Starring: Casey Affleck, Chiwetel Ejiofor, Anthony Mackie, Aaron Paul, Clifton Collins, Jr., Norman Reedus, Teresa Palmer, Michael K. Williams, Gal Gadot, Woody Harrelson, Kate Winslet
Corruption in law enforcement is nearly always a theme that draws in an eager audience; “the man” is the villain that people just love to hate. In Triple 9, director John Hillcoat provides a vision of such corruption in a blatantly unemotional style. The film has an engaging plot, but it loses charisma because Hillcoat provides no subjective commentary on the story. In fact, Triple 9 is drenched in tension and artfully plays with the audience’s mental map, but for the most part, the motivations’ of key players are excluded, leaving the film feeling empty.
Triple 9 follows a group of criminals including Michael Atwood (Ejiofor) and two corrupt cops, Marcus Belmont (Mackie) and Franco Rodriguez (Collins, Jr.), as they steal a safety deposit box for the Russian Mafia. To their dismay, the group is coerced into doing another job, one that’s even bigger than the last and will require them to cause an officer-down call (a Triple 9) to distract the entire police force while they pull it off. Marcus suggests his new partner on the force, Chris Allen (Casey Affleck), as the victim, figuring that his injury will cause the biggest panic, given that he is the nephew of Sergeant Detective Jeffrey Allen (Harrelson).
Hillcoat offers the audience no introduction on any of his characters, with the film opening on the criminal team robbing a bank. A brief flash Marcus and Franco’s badges being tucked into their pockets before embarking on the crime is the only clue given to any of the team members’ identities. Throughout the film, we learn nothing else about these two characters, who should be explored as characters of interest. Whenever a good-seed-gone-bad is shown, we want to know more about the person; we want to understand how exactly this villain came to be. Hillcoat doesn’t give us what we want here; we’re forced to give our best guess as to why the two cops are involved in this treacherous ordeal. However, the film does give explanation to several other characters – we see a great deal of Michael, Chris, and the Sergeant, but since the established main characters are the criminals, the audience should be learning more about their motivations.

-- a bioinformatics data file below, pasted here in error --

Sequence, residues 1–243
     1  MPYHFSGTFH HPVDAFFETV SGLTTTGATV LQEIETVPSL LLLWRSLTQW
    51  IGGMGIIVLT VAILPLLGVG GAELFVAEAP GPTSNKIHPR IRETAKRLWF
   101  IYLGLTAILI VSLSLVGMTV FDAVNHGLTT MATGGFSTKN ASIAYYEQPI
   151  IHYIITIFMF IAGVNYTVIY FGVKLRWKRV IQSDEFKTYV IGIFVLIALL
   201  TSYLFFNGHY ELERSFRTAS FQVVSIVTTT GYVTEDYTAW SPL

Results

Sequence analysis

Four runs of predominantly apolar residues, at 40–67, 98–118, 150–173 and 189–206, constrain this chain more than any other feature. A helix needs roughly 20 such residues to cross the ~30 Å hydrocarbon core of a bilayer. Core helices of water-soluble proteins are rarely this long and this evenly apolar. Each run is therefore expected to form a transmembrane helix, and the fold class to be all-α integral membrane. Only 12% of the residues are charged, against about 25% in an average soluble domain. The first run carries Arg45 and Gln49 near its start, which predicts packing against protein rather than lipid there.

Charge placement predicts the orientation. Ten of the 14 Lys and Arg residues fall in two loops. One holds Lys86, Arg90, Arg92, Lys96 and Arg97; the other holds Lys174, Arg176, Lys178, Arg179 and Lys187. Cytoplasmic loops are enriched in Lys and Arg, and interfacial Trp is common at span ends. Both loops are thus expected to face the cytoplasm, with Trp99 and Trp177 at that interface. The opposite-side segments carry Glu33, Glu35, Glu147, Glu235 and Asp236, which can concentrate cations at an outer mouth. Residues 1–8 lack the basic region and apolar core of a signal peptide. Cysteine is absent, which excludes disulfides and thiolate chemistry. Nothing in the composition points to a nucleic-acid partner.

Fortunately, Hillcoat does offer us some insight into Michael’s character, who is portrayed well by Ejiofor. The mother of Michael’s child is involved on the side of the (very) distinctly Jewish mafia, and so the man is being controlled by concern for his son’s safety. This character is perhaps one of the most fascinating parts of Triple 9. One moment, he’s a deplorable person committing acts of cruelty, but then in the next moment the audience is filled with empathy for a desperate father. While Ejiofor provides a respectable performance, there’s nothing notable about any of his fellow cast members.
The best thing about Triple 9 is undoubtedly the cinematography, done by Nicolas Karakatsanis. The movie was filmed for intensity, with thrilling visuals for an action-lover to die for. However, cinematography can’t fill in the holes in a weak story. What’s sad is that this is a story with so much buildable material, and a different director could have capitalized on this. In the end, Triple 9 will satisfy those seeking a quick thrill, but those wanting anything more will find themselves disappointed.